“The only [map of Maine] that at all deserves the name”

One provision of Maine’s 1820 separation from Massachusetts was the equitable distribution of Maine’s unallocated lands between the two states. As land agent for Massachusetts (1820-1851), Coffin prepared this map in 1835 to help organize the sale and allocation of the lands surveyed both before and after 1820. For more on the division of land, see the contemporary annotations made on item 5. Thoreau’s own copy of Coffin’s map, with his pencil annotations, can be consulted on the
Concord Free Public Library’s website (map 165 in the collection of Thoreau’s surveys and maps).

item image

Coffin, George W. (fl.1811-1865)
A Plan of the Public Lands in the State of Maine Surveyed under Instructions from the Commissioners & Agents of the States of Massachusetts and Maine (Boston, 1835)
Lithograph, in six sheets; each sheet 76cm x 57cm (paper; imprint size varies)
On loan from the Harvard Map Collection, Harvard College Library

7. Thoreau’s Survey of Emerson’s Woodlot

Cooperating with Other Cultural Institutions. Items 6, 7, and 8 have all been borrowed from collections held by other cultural institutions, specifically the Harvard Map Collection in Harvard College Library (item 6) and the American Antiquarian Society (items 7 and 8). These loan items illustrate our policy of collaborating with other cultural institutions in order to extend the reach of our work. In return, we make items from our collections available to other cultural institutions.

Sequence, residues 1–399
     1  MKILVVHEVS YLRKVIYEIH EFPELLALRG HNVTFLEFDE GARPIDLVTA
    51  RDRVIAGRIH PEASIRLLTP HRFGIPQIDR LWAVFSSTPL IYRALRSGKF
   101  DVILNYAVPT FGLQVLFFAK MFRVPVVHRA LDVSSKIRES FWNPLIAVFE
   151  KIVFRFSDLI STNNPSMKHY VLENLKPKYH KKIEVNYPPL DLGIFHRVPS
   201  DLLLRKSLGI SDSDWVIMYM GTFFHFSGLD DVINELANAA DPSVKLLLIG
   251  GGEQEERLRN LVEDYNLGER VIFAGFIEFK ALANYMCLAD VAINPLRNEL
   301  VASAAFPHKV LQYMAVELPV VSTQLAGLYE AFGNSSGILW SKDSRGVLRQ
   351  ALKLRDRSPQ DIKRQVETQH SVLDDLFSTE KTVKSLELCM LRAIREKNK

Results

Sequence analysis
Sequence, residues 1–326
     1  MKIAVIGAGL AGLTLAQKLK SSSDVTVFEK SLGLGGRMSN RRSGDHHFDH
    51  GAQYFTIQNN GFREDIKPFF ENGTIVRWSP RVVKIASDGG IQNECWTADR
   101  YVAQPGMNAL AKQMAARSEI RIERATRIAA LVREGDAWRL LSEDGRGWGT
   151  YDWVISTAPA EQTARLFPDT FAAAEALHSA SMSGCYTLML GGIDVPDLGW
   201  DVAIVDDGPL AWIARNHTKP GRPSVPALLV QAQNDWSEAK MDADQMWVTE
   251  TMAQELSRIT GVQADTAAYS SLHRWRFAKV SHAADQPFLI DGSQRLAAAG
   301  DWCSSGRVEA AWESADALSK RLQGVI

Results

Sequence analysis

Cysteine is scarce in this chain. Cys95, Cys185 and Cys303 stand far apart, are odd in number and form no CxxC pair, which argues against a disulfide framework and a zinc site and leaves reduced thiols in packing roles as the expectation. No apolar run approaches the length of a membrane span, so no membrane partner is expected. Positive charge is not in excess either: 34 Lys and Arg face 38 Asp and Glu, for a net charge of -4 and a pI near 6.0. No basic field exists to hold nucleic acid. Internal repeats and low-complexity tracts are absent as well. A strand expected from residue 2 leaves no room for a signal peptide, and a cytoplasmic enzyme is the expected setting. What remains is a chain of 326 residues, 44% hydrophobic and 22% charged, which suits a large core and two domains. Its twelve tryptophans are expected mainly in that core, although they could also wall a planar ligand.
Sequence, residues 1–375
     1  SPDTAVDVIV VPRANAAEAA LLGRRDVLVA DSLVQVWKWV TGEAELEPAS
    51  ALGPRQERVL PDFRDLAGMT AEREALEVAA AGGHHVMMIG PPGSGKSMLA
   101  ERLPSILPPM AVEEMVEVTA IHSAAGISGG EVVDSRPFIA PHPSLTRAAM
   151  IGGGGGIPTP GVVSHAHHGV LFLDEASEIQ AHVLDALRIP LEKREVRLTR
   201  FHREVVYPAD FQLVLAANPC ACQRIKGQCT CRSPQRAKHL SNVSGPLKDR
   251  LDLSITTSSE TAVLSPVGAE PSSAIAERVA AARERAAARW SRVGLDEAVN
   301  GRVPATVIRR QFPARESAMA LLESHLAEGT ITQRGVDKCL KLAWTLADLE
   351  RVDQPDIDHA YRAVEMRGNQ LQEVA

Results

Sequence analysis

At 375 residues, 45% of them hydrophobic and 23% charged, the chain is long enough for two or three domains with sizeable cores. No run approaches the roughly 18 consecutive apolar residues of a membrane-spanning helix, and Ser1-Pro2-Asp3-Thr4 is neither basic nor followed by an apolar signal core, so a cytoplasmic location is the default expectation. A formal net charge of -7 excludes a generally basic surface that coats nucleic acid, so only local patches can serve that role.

The table to the left of the graphic plan lays out the basic methods of land surveying in early America: the surveyor used a compass (see item 10) to define the bearing of each section of boundary line, and a chain (see item 11) to measure its length, or distance. Each corner of the lot was marked by blazing a tree; the blaze-trees around Ralph Waldo Emerson’s wood lot are listed at lower-left. The town line — marked by a dashed line — had already been determined, so Thoreau did not need to survey that line again.

More of Thoreau’s plans of Emerson’s property can be consulted on the
Concord Free Public Library’s website (maps 31a-b and 34 in the collection of Thoreau’s surveys and maps).

item image

Thoreau, Henry David (1817-1862)
“Plat of that part of R W Emerson’s Woodlot and Meadow by Waldon Pond contained within the Lincoln Bounds; the woodlot being a part of what was known in 1746 as Samuel Hapwood’s ‘pasture’ and deeded by him as such to his ‘son Jonathan, tanner.’ Surveyed by H. D. Thoreau March 1850.”
Manuscript (pen and black ink); 51cm x 40.5cm
On loan from, and reproduced here courtesy of, the American Antiquarian Society, Worcester, Mass.

8. Thoreau’s Survey of John Moore’s Farm

Surveying compasses use magnetized needles which point to the magnetic north pole rather than the true, geographic north pole; they thus measure bearings with respect to magnetic north. But, because magnetic north pole migrates over time, so the angle of “variation” between magnetic and true north at any place also changes over time. Traditionally, surveyors could find the direction of true north by observing the sun at noon, or certain stars at night; this then permitted them to define the magnetic variation. Thoreau recorded the variation on February 3rd, 1853, as being 9?° westerly; when Albert Wood resurveyed portions of Moore’s farm in 1886, he found the variation to have changed by 1½° (although he did not specify whether the change was easterly or westerly). Another of Thoreau’s plans of Moore’s property can be consulted on the Concord Free Public Library’s website (map 94a-c in the collection of Thoreau’s surveys and maps; see also maps 32, 63a, and 63c).

item image

Thoreau, Henry David (1817-1862)
“Plan of John B. Moore’s Farm, Concord, Mass. Surveyed by Henry D. Thoreau Feb. 1853”
Manuscript (pen and black ink), with annotations in red ink made in November 1886 by Albert E. Wood; 39cm x 86.5cm
On loan from, and reproduced here courtesy of, the American Antiquarian Society, Worcester, Mass.